Language of Japan ( Japanese )
Language Spoken in Japan
The common language spoken in Japan is Japanese. Although there are some difference in accents or intonation between regions, Japanese is spoken and understood throughout the country. English can also be understood in metropolitan areas, if you use simple words or short sentences, but answering questions in English seems to be a more difficult task for Japanese.
It is not yet known which language family Japanese exactly belong to, but from a grammatical approach Japanese is said to be similar to languages such as Turkish and Mongolian. At the same time, Japanse pronunciation is said to be close to Polynesian, and some people say that Japanese and Korean sound very alike. Well, I guess I'll have to leave this issue to the linguists.
Listening and Speaking Japanese
For people who might be thinking that Japanese pronunciation could be difficult, here are some good news. Actually, Japanese pronunciation is unexpectedly easy for there are not so many sounds used in this language.
When compared to other languages, Japanese have relatively few kinds of syllables. For instance, Japanese is said to have 120 syllables at the most, while Mandarin has more than three times as much, and English, not less than 80,000. Did that encourage you a little?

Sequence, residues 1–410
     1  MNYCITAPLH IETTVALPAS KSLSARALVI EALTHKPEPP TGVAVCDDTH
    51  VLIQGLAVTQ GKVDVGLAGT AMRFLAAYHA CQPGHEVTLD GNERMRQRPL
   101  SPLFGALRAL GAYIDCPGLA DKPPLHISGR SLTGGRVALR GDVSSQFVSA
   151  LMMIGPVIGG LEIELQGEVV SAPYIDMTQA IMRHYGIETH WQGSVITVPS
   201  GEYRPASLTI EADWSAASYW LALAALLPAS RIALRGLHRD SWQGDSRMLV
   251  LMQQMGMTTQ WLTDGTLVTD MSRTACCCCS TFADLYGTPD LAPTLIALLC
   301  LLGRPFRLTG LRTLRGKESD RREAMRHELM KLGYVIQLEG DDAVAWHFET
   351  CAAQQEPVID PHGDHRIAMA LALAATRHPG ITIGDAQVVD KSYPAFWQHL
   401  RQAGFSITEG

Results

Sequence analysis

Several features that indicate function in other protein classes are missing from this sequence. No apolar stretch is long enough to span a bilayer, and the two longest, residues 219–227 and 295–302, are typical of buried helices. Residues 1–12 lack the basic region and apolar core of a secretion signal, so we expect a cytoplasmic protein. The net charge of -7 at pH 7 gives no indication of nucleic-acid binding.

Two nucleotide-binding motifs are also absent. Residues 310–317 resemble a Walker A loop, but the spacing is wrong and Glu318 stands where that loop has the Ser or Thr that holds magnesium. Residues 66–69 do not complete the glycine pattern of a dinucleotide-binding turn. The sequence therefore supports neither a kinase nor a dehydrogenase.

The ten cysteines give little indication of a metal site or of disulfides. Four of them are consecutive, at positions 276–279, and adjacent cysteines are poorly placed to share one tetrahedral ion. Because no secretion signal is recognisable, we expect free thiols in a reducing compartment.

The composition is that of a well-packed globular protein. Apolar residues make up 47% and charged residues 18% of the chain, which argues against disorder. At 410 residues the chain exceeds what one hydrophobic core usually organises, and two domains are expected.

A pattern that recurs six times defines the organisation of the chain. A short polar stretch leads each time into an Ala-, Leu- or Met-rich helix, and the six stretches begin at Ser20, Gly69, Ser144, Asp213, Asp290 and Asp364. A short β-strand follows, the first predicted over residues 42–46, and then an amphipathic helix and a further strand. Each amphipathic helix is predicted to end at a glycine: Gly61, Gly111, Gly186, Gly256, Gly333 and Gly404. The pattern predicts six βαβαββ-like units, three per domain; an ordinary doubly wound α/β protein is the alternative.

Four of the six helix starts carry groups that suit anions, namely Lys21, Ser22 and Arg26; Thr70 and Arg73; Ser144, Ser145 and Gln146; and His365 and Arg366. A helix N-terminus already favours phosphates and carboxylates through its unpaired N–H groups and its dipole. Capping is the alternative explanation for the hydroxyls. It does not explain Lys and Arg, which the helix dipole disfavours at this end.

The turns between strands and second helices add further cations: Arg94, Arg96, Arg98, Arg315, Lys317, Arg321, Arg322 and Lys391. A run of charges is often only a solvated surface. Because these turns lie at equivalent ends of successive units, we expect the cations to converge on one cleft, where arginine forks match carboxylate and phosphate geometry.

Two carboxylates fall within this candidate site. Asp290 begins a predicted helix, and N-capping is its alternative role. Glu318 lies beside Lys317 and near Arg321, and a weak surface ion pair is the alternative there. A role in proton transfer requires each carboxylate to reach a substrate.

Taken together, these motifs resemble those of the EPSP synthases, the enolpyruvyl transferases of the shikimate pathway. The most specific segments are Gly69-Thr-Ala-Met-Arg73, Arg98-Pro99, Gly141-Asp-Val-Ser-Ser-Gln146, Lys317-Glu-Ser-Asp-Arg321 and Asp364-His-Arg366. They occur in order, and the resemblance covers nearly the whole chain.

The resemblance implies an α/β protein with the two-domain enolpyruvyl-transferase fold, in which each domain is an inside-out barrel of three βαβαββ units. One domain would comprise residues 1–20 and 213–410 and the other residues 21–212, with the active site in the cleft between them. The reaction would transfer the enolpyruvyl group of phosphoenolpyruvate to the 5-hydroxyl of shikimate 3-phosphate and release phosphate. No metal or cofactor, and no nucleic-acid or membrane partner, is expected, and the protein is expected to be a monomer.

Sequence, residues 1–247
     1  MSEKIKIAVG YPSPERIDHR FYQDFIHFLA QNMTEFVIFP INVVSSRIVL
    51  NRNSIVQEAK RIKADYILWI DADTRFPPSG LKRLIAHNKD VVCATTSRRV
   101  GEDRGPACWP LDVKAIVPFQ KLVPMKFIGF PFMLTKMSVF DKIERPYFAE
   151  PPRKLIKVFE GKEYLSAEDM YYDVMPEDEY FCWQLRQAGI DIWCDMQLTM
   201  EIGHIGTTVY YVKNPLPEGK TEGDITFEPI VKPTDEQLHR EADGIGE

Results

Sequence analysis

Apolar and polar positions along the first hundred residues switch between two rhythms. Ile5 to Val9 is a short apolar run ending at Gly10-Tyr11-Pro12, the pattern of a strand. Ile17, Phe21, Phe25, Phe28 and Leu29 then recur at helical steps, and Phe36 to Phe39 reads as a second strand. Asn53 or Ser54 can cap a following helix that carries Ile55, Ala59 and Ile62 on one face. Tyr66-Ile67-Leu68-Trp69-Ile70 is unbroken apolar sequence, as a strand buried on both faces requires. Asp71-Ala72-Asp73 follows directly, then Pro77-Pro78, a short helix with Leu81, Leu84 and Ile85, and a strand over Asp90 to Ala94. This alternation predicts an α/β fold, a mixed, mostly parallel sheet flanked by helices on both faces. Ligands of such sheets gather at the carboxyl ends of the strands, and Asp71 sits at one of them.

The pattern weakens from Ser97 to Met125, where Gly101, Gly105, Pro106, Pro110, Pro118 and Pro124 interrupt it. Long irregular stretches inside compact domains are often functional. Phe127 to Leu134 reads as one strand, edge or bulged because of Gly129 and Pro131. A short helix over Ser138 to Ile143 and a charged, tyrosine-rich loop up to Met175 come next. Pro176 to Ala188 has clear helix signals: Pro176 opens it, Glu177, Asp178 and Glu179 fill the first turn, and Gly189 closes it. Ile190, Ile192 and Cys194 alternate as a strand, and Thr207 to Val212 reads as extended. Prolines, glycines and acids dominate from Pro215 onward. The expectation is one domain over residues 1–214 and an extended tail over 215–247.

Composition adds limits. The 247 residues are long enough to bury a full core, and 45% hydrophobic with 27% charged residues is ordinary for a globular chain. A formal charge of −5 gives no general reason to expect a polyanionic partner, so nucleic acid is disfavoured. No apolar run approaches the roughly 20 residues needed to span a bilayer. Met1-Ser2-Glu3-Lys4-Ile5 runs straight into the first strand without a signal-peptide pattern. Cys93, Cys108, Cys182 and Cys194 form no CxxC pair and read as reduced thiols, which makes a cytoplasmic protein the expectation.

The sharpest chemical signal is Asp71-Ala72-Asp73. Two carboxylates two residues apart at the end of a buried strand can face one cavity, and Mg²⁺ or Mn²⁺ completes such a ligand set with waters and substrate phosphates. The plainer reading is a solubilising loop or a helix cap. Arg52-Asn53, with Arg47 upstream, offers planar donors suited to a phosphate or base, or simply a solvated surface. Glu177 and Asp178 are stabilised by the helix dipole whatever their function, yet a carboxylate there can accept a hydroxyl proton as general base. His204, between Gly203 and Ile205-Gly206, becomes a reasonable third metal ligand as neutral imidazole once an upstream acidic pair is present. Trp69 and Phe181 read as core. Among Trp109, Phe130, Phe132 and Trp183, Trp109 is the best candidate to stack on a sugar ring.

However, this means that there are many homonyms in Japanese which sound the same but have different meanings. In Japanese, the accents are not as distinct as it is in English or other languages, so that basically you will have to judge from the intonation of the speaker or guess the meaning from the context, in order to figure out which of the homonyms the speaker is meaning. This may be the most difficult part in listening.
As for speaking Japanese, here too the correct intonation of the words and sentences I think, would be the most of difficulty to make yourself understood, not the pronunciation itself.
Basic Japanese grammar is comparatively simple for mainly three reasons. Reason one, verb forms do not change by subject in number and person, reason two, distinctions between the singular form and the plural form is not so strict, and reason three, there are no distinctions between masculine nouns and feminine nouns.
But putting all three together, Japanese expressions often turn out to be vague. In other words, you can say that the language owes a lot to the listener or the reader, who must try to understand what the speaker or the writer really meant to say, by sensing their feelings.
Letters Used in Japanese Writing
There are mainly three types of letters used to write Japanese ( four types when Romaji, Japanese written in Roman letters are included ), and usually they are combined and used together in one sentence.
Kanji character ( also called Mana corresponding to Kana ) is an ideogram originally made and used in China, with each character having its own meaning. It is told that Japanese started to use Kanji, when they were brought into Japan from China in the 5th or 6th century, and the letters are still in daily use today. In Japanese, the generally used Kanji character is said to be about 1850, but I think the actual characters used in daily life is about 500 to 600, or 800 at the most.